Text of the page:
Qtern approved by European Commission to treat type 2 diabetes

Qtern approved by European Commission to treat type 2 diabetes

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The European Commission (EC) has approved a new type 2 diabetes called Qtern, which was rejected last year in the US.

Qtern, which is developed by AstraZeneca, is a two-drug therapy that combines Onglyza (sitagliptin), a DDP-4 inhibitor, and Forxiga (saxagliptin), an SGLT2 inhibitor.

On their own, both drug classes have been shown to improve blood glucose levels compared to older oral antidiabetic drugs.

Combination drugs such as Qtern have benefits in that they provide more than one treatment in a single pill, which can make it easier for patients to manage and remember their medication.

The EC based its approval for Qtern following the success of three trials that paired the combination drug with metformin. Two trials showed the AstraZeneca drug outperformed placebo at reducing HbA1c, and the third showed Qtern was statistically superior in lowering HbA1c compared to saxagliptin or dapagliflozin alone when added to metformin.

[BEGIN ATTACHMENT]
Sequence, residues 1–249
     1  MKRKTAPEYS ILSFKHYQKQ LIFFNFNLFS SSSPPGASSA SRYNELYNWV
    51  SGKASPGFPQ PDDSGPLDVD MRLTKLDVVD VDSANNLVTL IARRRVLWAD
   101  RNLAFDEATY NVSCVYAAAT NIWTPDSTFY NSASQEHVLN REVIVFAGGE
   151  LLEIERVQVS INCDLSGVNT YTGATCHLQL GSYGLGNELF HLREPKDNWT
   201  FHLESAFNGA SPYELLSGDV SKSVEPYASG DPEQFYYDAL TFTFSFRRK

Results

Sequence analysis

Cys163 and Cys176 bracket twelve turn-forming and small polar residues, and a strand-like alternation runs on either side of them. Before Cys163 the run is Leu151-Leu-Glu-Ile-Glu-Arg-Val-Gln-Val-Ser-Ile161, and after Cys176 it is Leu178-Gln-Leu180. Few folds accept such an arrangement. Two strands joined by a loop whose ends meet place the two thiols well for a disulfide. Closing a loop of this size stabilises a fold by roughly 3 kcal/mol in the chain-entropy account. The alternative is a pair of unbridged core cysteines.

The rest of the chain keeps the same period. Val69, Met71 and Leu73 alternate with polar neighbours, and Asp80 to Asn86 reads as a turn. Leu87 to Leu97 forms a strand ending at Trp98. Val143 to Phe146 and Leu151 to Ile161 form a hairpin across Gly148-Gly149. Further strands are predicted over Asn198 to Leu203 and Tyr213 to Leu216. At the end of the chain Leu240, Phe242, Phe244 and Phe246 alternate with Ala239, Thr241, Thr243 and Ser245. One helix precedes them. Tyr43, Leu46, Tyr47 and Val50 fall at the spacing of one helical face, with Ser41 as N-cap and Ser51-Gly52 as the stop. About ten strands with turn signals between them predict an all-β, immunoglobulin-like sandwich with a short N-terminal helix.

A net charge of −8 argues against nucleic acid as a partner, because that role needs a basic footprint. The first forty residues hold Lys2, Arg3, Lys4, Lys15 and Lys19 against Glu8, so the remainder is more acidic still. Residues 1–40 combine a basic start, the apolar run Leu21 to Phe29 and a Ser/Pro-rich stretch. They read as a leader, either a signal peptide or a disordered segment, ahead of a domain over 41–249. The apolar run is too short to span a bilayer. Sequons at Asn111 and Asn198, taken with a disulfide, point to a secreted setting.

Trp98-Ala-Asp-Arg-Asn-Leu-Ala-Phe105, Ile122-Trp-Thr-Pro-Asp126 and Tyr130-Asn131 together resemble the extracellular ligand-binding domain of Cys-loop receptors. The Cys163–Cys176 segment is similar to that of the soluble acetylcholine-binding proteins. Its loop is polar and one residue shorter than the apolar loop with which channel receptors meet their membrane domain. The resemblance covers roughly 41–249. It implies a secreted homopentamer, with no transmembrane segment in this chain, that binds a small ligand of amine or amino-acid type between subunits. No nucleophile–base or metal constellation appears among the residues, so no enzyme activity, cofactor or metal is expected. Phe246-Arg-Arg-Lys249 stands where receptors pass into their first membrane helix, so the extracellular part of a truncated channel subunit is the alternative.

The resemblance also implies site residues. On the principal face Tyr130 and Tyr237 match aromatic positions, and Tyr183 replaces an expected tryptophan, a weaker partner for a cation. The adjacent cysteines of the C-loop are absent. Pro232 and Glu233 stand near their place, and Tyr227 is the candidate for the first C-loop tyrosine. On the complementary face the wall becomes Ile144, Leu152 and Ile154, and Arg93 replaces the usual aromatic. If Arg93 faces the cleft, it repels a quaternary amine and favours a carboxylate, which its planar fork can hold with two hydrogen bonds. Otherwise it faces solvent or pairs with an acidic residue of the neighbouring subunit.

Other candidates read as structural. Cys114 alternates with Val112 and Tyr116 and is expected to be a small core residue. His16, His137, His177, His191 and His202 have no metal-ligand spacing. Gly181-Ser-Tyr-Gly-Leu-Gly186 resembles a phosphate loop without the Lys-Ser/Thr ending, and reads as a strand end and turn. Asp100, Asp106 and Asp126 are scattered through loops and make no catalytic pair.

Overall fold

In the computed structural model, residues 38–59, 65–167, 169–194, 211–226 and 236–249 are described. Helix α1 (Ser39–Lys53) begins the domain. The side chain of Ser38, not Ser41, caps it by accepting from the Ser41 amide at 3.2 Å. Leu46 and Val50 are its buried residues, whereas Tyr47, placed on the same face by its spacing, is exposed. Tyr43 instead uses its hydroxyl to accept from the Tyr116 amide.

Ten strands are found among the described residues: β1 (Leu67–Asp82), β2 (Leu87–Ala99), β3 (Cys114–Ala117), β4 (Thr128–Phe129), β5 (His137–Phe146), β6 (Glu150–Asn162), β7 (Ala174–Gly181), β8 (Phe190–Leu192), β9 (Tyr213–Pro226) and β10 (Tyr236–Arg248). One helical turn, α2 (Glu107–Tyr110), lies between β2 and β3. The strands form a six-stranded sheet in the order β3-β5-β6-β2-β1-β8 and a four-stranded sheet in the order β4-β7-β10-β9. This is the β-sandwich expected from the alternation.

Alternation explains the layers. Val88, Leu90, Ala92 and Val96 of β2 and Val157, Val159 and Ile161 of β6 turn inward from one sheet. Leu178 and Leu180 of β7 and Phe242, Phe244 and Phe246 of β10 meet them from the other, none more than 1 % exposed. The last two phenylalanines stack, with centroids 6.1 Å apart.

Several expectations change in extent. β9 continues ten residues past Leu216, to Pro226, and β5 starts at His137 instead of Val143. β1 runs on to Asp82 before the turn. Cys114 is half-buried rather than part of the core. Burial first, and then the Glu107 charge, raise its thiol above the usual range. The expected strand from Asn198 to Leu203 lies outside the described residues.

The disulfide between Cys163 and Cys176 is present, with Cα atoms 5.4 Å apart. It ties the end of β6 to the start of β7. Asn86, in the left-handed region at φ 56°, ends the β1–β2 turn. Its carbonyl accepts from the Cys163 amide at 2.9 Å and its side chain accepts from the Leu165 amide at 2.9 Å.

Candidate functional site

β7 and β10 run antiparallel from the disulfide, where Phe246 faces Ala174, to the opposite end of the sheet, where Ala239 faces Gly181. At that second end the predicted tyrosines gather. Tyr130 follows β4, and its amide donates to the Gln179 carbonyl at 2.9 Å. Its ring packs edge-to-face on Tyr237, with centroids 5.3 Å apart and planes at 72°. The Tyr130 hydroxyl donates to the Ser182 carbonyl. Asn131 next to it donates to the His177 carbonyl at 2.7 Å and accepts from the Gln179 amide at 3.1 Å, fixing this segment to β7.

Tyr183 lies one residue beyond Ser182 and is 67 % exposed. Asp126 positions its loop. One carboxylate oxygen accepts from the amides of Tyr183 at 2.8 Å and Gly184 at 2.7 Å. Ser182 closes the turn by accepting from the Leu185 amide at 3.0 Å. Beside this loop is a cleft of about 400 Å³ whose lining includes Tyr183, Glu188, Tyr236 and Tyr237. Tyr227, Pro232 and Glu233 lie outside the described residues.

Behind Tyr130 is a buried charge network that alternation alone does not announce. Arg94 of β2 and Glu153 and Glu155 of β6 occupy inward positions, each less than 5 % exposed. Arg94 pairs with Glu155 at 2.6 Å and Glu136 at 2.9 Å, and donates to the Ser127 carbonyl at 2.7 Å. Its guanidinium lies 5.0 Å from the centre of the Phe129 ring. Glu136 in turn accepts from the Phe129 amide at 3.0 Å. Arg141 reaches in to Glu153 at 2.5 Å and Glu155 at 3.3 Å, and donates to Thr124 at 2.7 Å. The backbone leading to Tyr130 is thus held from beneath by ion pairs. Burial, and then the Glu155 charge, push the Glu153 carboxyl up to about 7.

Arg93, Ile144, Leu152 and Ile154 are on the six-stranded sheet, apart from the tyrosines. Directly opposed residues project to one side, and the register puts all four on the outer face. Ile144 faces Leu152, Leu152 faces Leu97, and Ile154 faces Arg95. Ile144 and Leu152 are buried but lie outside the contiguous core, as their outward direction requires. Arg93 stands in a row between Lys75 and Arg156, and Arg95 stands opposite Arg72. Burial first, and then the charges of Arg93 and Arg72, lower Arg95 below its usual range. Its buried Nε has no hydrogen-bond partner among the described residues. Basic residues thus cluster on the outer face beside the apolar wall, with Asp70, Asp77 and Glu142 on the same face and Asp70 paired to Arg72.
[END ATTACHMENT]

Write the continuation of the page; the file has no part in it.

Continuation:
In these trials, the safety profile of Qtern was found to be similar to those of saxagliptin and dapagliflozin.

Qtern is indicated for adults with type 2 diabetes aged 18 years and older who do not have adequate blood sugar control from metformin and/or sulphonylurea and an SGLT2 inhibitor or DDP-4 inhibitor. Patients could also be treated with Qtern if they are already taking a free combination of saxagliptin and dapagliflozin.

AstraZeneca has previously tried to get approval from the US Food and Drug Administration (FDA), but they were told in October that additional clinical data would be required.

While Qtern is the first drug combination of its kind to be approved in Europe, Eli Lilly and Boehringer Ingelheim’s drug Glyxambi, which combines linagliptin and empagliflozin, debuted in the US last year. Currently, though, Glyxambi has not yet been made available in Europe.

Qtern will require approval by UK regulatory agencies before it becomes available in the UK.